Letter: Keep MOU in Place to Ensure Independent Investigations of Police Misconduct in SF

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To: San Francisco Police Commission, President Malia Cohen, Vice President Cindy Elias, Commissioner Max Carter-Oberstone, Commissioner Larry Yee, Commissioner John Hamasaki, Commissioner James Byrne, and Commissioner Jesús Gabriel Yáñez

Dear Commissioners,

We write to register our opposition to the termination of the police use of force Memorandum of Understanding (MOU) between the San Francisco Police Department (SFPD) and the San Francisco District Attorney’s office and to support the renegotiation of the MOU. Based on recent news articles, it is our understanding that an agreement to renegotiate the MOU has been reached between all parties. However, there are still two large concerns looming: (1) whether the existing MOU will lapse before the negotiations are complete and (2) whether the renegotiated MOU will weaken the provisions related to the independence of investigations.

Nationally, fatal police shootings were the highest they have been since tracking started in 20151. Our nation continues to struggle with the reality that over 1,000 people are killed by police each year and, even after massive civil rights demonstrations gripped our nation and rippled across the globe, there are still few solutions enacted to solve the problem of police use of force. It is very troubling to think that as so many communities grapple with how to get this problem under control, San Francisco, with a model approach, was considering terminating this MOU.

With the creation of the Independent Investigations Bureau in the District Attorney’s Office and

after the signing of a MOU between the Bureau and the SFPD, the city saw dramatic results. The city went from six fatal police shootings in 2015 to zero in 2019, the year the MOU went into effect. Indeed, San Francisco experienced the longest break between police shootings during these years, going nearly two years without a fatal shooting by a police officer.

This agreement MUST be kept in place while the renegotiation takes place. It took three years to get the existing MOU in place. It is unclear how long it will take to resolve the current disagreements and the city should not slide back to the old way of handling these critical investigations. The Police Commission has the authority to direct the SFPD to adhere to the MOU while renegotiations are occurring. We urge you to do so.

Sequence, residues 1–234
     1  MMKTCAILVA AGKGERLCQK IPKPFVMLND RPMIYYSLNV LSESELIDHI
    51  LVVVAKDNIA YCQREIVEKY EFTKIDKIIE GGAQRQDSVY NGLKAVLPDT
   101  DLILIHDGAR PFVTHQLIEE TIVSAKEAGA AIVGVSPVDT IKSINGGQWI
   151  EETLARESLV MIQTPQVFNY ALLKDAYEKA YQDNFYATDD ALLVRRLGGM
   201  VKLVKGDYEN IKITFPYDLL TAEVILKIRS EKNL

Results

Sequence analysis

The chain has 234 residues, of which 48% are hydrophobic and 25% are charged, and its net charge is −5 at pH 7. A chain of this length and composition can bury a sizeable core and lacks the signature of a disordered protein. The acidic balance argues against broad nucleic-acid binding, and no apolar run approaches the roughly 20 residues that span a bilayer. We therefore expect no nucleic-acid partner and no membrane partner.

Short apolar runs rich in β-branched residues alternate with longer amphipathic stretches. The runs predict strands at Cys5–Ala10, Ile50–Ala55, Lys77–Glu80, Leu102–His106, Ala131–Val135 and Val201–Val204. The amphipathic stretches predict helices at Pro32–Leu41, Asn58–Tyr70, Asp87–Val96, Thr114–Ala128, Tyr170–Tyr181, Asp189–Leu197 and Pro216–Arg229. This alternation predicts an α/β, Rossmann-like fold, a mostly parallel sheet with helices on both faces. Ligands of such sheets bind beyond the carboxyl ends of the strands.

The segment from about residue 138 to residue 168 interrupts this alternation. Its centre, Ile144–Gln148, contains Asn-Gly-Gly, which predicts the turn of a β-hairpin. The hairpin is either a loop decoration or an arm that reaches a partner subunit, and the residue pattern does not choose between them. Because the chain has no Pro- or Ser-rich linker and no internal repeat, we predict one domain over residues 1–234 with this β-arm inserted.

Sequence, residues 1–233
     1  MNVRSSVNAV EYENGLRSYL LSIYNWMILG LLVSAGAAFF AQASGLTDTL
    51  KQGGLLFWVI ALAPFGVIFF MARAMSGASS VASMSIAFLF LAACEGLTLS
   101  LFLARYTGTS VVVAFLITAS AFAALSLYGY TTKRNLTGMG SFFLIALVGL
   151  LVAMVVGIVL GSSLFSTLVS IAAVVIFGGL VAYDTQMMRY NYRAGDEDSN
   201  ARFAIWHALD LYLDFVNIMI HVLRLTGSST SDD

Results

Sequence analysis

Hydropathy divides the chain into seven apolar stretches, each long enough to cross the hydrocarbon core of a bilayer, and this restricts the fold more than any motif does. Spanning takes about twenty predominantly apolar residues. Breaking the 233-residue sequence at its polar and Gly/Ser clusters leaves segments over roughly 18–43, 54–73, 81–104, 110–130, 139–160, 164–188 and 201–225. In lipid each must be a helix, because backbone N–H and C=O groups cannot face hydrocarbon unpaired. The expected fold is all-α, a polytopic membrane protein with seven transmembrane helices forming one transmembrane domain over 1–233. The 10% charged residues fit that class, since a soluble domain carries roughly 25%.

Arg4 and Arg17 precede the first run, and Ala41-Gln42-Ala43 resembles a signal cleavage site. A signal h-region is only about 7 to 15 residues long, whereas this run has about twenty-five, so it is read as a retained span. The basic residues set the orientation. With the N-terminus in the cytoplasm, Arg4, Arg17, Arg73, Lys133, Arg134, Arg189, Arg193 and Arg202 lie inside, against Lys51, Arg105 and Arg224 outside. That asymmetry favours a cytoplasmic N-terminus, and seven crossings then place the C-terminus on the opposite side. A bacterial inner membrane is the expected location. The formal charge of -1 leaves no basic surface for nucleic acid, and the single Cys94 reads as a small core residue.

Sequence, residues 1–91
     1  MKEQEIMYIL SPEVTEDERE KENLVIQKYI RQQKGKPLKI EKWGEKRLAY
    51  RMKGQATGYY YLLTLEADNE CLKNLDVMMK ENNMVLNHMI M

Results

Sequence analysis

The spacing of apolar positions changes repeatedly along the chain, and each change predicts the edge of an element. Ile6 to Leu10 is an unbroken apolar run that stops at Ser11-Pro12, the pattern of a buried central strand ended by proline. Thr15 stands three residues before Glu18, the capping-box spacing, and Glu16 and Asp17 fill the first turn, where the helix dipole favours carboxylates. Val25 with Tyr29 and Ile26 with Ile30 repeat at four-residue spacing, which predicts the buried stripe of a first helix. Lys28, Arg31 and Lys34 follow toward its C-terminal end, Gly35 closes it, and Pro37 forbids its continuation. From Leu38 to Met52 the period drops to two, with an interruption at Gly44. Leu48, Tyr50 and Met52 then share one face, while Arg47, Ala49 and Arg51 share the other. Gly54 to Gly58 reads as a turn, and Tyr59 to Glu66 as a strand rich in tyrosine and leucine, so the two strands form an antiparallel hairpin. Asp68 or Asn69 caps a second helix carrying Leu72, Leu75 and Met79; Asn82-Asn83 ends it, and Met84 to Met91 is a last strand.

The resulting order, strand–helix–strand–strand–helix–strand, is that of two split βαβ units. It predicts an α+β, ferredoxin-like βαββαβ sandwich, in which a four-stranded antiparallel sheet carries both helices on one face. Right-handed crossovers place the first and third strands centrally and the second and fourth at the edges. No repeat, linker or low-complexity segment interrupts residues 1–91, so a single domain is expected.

In addition to keeping the existing MOU in effect while the negotiations proceed, we encourage the Police Commission to take an active role in monitoring the negotiations. It will be critical to ensure the process moves along quickly and that the final renegotiated MOU resolution does not weaken the provisions related to the independence of investigations. Finalization of the initial MOU was quite protracted; however, it was just recently renewed. Given the expressed sentiments of all parties to negotiate in good faith, the current concerns raised about information sharing are narrow and should be able to be resolved in an expeditious and streamlined fashion.

We truly appreciate the clarity the Commission brought to this issue at the hearing last week. Your ongoing leadership will help ensure that there is not a lapse out of the current MOU and that whatever changes are made will not weaken this critically important and model policy.

Organizations:

Prosecutors Alliance
Color of Change
Ella Baker Center
Policy Link
ACLU-Northern California
Young Women’s Freedom Center
NextGen California
Sister Warriors
Real Justice
Smart Justice
Grassroots Law Project


https://em-ui.constantcontact.com/em-ui/em/page/em-ui/email#

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About The Author

David Greenwald is the founder, editor, and executive director of the Davis Vanguard. He founded the Vanguard in 2006. David Greenwald moved to Davis in 1996 to attend Graduate School at UC Davis in Political Science. He lives in South Davis with his wife Cecilia Escamilla Greenwald and three children.

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